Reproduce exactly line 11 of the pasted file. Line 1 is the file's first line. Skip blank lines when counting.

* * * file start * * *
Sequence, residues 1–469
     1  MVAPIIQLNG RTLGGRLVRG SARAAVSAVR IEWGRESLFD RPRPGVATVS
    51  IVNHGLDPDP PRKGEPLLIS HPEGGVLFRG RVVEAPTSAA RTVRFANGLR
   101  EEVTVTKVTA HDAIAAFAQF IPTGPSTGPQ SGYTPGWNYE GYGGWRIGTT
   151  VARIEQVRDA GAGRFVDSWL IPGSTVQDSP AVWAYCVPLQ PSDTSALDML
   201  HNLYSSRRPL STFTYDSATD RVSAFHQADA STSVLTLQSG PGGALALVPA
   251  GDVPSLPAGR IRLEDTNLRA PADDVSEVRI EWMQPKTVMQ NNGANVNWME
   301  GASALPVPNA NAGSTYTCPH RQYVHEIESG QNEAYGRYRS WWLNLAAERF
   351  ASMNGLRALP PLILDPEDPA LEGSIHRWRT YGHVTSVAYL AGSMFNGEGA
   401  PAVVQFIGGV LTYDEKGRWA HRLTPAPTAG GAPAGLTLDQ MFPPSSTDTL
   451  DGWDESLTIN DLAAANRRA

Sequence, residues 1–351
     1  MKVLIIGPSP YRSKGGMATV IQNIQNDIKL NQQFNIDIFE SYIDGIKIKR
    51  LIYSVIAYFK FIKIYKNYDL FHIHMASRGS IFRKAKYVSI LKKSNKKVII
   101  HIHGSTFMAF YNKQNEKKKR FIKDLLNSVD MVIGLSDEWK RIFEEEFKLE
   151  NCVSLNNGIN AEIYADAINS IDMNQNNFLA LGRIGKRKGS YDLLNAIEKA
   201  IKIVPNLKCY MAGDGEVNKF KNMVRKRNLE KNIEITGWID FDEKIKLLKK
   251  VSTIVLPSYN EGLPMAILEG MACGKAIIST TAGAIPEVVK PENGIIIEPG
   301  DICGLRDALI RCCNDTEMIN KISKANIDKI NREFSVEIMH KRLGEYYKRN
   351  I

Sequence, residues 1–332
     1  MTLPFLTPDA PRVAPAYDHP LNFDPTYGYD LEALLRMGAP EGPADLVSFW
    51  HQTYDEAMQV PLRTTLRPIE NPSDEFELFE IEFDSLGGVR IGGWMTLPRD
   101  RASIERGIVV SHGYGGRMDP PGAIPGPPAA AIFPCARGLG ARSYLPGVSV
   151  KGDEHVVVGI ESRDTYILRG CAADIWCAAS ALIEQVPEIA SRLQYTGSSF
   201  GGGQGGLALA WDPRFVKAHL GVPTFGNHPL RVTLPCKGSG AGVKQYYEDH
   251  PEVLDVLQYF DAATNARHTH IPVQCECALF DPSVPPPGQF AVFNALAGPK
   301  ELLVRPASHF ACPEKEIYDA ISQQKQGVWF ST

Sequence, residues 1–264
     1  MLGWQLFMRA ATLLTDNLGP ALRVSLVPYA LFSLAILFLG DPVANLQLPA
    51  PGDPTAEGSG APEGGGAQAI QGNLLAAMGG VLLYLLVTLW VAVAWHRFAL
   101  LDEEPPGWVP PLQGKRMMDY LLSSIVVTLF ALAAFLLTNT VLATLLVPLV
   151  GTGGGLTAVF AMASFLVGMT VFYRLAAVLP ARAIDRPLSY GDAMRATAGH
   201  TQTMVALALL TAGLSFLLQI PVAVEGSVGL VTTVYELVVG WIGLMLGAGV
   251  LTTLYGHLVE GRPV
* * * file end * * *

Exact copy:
   451  DGWDESLTIN DLAAANRRA